Opinion

Opinion: Community Engagement: Unlocking the Real Wealth of the Niger Delta

The Niger Delta is an important economic driver for the Nigerian economy. The oil from the Delta region continues to maintain Nigeria as the largest African producer. The issues that plague the Niger Delta and the resulting militancy have focused on causing grief for the nation’s cash flow. The promises made to initiate the remediation and restoration programs currently lacks detail.

I have advocated that community engagement is essential for any restoration program to be successful. There are a number of reasons for this, but most of all because I believe that the communities are the real wealth of the Delta region. In theory, any problem can be solved with a technical solution. But the problems of the Niger Delta require something more.

There have been concerns expressed about foreign companies entering the region with their own workers to carry out a clean-up process and ignore the local Nigerian population. That a foreign company will come in, take over and do whatever they like however they like. However, I believe this would be a foolish path to take. Not only because local employment is being dangled as a way to quell local concerns and anger, but also because it would overlook considerable assets to the project. There is a depth of local knowledge and skills within the communities that are invaluable to a successful clean-up operation. There is know-how; experience with the terrain; knowledge of unreported events; unique or adapted skills; and much more. All of this not only makes the remediation process more effective, but more efficient.

But this project needs to be collaborative. The communities of the Niger Delta must be open and willing to accept external help, knowledge and management. The fundamental role of a foreign company coming into the region is to provide guidance, expertise, technology, equipment, world’s best practice and leadership to help see the project through successfully. This cannot once again be seen as simply an amnesty opportunity.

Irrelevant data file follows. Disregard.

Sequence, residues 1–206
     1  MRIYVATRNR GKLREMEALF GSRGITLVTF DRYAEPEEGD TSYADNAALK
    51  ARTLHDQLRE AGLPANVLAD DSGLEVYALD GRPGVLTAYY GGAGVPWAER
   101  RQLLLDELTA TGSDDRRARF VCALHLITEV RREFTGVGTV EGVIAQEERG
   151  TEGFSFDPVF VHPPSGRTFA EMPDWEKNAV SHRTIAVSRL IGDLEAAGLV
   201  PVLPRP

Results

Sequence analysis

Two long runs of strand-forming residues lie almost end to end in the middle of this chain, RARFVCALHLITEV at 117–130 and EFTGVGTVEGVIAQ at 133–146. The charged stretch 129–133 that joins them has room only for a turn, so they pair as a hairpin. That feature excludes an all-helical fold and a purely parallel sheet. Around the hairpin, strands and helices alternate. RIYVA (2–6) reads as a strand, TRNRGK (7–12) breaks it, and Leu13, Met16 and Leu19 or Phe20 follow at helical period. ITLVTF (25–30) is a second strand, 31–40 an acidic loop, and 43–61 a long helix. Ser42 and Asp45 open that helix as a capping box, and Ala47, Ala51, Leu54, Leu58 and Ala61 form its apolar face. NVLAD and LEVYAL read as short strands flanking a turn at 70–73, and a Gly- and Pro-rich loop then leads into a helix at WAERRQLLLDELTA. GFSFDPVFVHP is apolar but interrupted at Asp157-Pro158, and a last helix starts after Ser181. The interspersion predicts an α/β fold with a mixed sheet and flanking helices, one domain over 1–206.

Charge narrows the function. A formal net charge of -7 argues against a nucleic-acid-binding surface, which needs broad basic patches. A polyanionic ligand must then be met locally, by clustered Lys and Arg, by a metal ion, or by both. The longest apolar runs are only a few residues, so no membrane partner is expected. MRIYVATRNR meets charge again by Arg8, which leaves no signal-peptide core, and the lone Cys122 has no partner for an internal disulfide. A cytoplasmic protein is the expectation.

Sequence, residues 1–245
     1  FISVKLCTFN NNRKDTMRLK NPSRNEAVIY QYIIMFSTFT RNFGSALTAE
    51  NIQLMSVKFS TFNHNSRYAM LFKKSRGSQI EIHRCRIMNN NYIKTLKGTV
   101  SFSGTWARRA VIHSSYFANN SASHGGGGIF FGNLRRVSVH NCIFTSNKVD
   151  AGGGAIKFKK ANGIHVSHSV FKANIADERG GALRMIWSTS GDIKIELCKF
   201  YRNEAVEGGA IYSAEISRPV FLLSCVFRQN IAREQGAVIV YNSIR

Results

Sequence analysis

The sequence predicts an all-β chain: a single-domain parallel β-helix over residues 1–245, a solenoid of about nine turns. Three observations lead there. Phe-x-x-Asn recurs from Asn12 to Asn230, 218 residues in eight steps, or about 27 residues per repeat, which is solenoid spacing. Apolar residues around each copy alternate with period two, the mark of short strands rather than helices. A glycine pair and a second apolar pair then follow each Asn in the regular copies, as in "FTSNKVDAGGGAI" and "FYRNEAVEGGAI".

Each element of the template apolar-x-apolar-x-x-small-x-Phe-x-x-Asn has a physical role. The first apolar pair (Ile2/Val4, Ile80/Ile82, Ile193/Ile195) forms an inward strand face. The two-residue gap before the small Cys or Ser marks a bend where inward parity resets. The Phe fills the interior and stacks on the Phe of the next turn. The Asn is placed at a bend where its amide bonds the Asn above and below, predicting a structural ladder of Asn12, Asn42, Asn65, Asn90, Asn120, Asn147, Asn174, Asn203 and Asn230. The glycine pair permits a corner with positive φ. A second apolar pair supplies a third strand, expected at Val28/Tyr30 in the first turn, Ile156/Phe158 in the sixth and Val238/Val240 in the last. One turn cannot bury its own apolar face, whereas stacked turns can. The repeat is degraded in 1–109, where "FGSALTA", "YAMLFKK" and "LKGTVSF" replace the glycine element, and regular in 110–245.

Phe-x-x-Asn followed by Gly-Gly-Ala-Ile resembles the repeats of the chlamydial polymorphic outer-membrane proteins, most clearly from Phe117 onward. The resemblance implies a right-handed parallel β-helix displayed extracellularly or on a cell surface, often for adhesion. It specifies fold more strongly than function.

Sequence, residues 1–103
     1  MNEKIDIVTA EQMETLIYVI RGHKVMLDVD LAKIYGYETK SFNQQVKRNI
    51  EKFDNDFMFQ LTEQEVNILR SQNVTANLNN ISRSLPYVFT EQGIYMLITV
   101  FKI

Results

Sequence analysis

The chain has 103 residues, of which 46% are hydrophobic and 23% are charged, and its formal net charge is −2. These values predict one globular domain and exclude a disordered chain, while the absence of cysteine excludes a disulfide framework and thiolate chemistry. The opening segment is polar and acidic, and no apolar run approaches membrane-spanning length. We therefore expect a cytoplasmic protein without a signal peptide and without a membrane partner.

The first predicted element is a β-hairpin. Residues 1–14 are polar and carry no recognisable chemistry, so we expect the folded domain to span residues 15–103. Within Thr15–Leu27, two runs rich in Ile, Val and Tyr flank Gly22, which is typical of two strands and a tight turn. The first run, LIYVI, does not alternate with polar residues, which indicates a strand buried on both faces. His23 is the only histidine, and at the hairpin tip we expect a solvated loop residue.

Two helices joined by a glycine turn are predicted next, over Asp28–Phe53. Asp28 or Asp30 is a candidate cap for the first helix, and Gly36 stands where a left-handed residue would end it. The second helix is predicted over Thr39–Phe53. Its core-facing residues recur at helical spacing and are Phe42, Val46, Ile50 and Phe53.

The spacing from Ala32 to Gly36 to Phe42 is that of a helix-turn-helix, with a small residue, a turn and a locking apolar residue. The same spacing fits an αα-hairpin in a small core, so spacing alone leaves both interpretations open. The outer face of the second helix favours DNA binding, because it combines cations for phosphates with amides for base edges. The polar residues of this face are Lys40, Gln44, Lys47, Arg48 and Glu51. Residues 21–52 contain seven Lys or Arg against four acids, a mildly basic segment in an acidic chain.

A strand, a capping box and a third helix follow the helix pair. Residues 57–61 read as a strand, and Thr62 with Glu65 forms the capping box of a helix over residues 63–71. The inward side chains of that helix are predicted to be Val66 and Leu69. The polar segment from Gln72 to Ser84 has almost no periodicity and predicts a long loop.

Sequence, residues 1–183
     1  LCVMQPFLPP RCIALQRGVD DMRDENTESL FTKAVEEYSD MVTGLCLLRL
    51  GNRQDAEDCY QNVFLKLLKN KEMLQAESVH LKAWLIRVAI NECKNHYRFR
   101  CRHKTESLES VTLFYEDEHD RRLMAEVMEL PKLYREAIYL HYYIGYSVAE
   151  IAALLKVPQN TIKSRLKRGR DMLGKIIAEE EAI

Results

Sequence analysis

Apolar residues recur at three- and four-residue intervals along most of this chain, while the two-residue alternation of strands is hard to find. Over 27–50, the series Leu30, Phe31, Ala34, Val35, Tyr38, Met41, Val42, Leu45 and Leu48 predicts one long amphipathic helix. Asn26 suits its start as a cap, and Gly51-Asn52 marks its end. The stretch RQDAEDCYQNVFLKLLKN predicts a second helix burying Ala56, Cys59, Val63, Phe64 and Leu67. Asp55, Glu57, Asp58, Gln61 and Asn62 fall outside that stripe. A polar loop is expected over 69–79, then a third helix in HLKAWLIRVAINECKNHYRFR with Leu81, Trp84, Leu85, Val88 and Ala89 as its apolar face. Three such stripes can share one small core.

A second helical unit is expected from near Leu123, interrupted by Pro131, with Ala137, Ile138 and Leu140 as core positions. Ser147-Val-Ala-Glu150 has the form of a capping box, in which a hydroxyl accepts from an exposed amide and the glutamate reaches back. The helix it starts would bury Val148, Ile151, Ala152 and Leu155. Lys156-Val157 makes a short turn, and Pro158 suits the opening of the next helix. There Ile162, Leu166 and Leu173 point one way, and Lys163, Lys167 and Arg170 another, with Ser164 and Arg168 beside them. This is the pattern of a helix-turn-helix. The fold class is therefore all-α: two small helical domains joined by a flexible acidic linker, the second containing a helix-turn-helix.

By working hard together the communities stand to benefit immensely. To implement this project will require the development of long overdue infrastructure such as roads, water treatment facilities, localised (and reliable) power supplies, manufacturing, construction, housing, and the development of sustainable agriculture. This is on top of the clean-up processes themselves.

Overall, the remediation and restoration of the Niger Delta is a project that has many complexities. Too often it is simplified by solely focusing on the value of oil in the region. It is the undervalued communities that are the true wealth of this project, but only if they want to be.

Can community engagement be strategized in ways that can effectively salvage the Niger Delta Region?

What are your thoughts?

 

Submitted by Antonio Pantalone